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I’ve gotten fairly sick of the standard medley of roasted tubers, and wanted to do something a little different. Irv and Shelly included a recipe which suggested preparing the turnips as a gratin, which sounded much more appealing. I generally approach gratins with some hesitation, as they are often ponderous affairs laden with heavy cream, mushy potatoes and overwhelming cheese, but with turnips and a different approach to béchamel, I figured I’d give it a try. On the beet side, beet salads are a personal weakness of mine, so that automatically fit the bill.
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First let’s talk béchamel, the standard flour-thickened white sauce that is the base of everything from mac ‘n’ cheese to pancake lasagna. I’ve often seen it paired with nutmeg, which I find atrocious. Instead, I simmered garlic and rosemary in butter for a few minutes before adding flour to make the roux. I tend to add more flour than strictly suggested by the French — I add until everything is crumbly. After browning the flour, I poured in 2% milk and freshly cracked pepper and simmered until it was thick. What a difference — 2% milk, less butter than normal, garlic and rosemary turned this into a sauce that I could eat from a spoon. Once the white sauce was finished, I layered it on top of the turnip slices (cut with a mandolin, although you could use a sharp knife instead), fresh-grated parmesan, more black pepper, and red pepper flakes. Into the oven it went until brown on top.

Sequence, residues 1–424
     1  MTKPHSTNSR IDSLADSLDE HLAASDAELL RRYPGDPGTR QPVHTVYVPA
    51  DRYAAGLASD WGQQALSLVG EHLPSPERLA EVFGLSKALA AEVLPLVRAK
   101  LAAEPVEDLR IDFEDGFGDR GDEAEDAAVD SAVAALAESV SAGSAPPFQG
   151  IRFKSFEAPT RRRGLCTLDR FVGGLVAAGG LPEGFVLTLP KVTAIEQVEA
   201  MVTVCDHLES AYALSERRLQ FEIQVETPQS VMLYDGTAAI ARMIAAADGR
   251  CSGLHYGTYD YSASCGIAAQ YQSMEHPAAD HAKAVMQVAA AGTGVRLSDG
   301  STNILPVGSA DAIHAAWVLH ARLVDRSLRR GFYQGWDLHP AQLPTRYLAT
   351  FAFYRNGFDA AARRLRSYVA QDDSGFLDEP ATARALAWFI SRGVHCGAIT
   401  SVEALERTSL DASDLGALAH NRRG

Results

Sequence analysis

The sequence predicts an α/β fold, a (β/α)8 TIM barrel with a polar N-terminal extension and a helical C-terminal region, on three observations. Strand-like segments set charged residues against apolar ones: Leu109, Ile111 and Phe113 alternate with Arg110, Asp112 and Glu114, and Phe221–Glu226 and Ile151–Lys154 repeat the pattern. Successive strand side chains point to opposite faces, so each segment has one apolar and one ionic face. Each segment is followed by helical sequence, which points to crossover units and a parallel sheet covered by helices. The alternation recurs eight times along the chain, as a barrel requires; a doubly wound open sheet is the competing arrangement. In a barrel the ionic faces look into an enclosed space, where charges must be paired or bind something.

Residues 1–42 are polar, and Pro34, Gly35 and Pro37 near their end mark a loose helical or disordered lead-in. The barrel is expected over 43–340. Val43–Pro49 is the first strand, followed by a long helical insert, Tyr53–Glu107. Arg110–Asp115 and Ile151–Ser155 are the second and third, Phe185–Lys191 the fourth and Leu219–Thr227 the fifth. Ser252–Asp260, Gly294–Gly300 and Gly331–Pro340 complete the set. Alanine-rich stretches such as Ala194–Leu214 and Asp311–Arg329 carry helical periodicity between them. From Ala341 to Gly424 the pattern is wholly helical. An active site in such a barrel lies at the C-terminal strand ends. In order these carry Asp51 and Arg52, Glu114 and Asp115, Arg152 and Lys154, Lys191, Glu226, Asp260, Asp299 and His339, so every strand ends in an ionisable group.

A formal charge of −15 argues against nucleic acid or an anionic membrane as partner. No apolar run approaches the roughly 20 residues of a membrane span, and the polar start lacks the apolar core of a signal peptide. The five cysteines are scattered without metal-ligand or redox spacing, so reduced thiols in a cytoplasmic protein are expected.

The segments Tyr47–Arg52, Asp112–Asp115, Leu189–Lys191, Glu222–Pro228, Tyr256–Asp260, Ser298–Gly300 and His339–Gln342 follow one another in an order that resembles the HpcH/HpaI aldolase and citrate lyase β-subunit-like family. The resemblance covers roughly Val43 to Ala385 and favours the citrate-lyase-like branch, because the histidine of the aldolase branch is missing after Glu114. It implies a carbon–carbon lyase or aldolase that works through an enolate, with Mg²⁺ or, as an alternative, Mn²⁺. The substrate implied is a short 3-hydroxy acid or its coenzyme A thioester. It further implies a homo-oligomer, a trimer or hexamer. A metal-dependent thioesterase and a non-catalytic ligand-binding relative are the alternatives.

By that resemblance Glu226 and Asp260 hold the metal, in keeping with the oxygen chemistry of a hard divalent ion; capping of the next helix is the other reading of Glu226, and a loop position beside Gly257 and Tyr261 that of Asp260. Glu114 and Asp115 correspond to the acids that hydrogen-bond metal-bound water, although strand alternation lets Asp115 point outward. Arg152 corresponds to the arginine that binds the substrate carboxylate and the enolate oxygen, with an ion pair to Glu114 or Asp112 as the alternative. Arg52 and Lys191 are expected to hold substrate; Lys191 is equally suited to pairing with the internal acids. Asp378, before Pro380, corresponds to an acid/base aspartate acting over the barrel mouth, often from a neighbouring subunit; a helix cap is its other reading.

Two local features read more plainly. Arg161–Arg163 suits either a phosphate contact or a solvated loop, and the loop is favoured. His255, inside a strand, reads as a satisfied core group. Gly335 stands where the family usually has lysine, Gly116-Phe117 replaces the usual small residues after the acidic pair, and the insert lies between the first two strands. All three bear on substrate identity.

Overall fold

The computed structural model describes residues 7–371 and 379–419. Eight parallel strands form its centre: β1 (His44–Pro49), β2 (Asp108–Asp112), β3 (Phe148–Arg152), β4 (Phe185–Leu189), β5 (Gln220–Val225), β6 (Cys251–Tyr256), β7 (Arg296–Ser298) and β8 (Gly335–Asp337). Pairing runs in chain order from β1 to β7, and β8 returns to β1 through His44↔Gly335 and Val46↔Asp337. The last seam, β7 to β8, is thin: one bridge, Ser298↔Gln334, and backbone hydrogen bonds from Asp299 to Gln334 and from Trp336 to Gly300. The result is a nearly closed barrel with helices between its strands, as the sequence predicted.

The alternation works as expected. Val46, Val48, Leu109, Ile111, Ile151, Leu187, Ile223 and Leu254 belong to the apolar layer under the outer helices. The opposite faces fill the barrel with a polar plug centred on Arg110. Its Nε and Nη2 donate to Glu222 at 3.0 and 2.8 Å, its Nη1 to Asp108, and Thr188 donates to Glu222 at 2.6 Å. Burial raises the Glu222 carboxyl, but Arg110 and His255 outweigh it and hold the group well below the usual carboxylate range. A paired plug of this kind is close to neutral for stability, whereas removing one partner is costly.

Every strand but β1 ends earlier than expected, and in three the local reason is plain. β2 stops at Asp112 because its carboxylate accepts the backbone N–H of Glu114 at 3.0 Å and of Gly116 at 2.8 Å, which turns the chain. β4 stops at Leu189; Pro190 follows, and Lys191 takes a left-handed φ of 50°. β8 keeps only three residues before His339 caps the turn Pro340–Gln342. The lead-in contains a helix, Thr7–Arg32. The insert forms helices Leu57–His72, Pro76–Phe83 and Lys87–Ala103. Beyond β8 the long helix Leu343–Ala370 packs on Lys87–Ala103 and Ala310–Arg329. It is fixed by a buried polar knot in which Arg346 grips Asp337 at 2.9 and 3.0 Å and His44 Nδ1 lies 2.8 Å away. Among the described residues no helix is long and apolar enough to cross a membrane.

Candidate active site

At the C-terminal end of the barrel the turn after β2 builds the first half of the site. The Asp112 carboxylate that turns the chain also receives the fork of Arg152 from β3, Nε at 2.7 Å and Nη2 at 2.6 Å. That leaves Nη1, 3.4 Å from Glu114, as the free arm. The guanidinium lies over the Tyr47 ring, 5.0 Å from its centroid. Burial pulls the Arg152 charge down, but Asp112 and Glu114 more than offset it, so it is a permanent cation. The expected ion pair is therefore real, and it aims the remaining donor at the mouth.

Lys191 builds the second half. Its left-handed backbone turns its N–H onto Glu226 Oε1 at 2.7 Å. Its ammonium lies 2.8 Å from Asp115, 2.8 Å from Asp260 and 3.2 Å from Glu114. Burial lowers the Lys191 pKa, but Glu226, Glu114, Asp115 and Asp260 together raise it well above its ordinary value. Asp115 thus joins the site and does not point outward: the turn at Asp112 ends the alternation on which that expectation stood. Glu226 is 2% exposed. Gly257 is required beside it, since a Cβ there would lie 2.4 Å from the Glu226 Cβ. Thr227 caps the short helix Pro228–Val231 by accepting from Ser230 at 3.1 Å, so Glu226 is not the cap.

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For the beet salad, I started with cubed roasted beets. Alongside those went a dollop of whole milk ricotta, topped with black pepper and pistachio kernels. I had pea tendrils from the Fresh Picks box, so I clipped them and added to the plate for some additional color. The dressing was a simple mix of fresh lemon, good olive oil from my friend Taso, salt, pepper, and a dash of dijon mustard to help emulsify everything. The lemony richness complemented the sweetness of the beets and the creaminess of the ricotta perfectly.

 

The pork chops, while good, were the least “interesting” part of the meal. I seasoned them with a rub from Spice House made of dried shallots, salt and pepper, and then cooked them on a hot cast iron skillet until golden brown on each side.
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While they aren’t pictured, Japanese sweet potatoes completed the meal. They’re interesting too — taste just like sweet potatoes, but have pale yellow flesh. All in all, we did a pretty good job of clearing out the root vegetable drawer, although we still have some more to go. I see some more gratins in my future!
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The Chicken to Beat

You’d never think to order it, but one of the best things on the menu at The Publican in Chicago is the farm chicken. Starting with a fresh, local, organic chicken, Publican chefs marinade the bird in a sweet, lemony, peppery glaze and grill it until the skin is lightly charred and crispy. What comes out is a remarkably juicy and perfectly seasoned piece of chicken better than just about any you’ve ever had.

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Last weekend, I set out to recreate this delicious meal at home. Fortunately, Chef Paul Kahan gave the New York Times a glimpse of his magical recipe. It’s a combination of olive oil, brown sugar, lemon, garlic, spanish paprika and oregano that smells amazing as it comes together. After removing the backbone from the chicken, I set it in a bowl and covered with the thick marinade and allowed it to rest in the refrigerator for several hours. Every hour or so, I’d flip it over and baste a little more to ensure maximum coverage with the delicious mixture.

 

Grilling was easy — just follow the recipe and use indirect heat, basting every so often. I highly recommend grilling and not roasting — the sugar in the marinade caramelizes on the skin and leaves the outside with a perfect crispy and sweet char.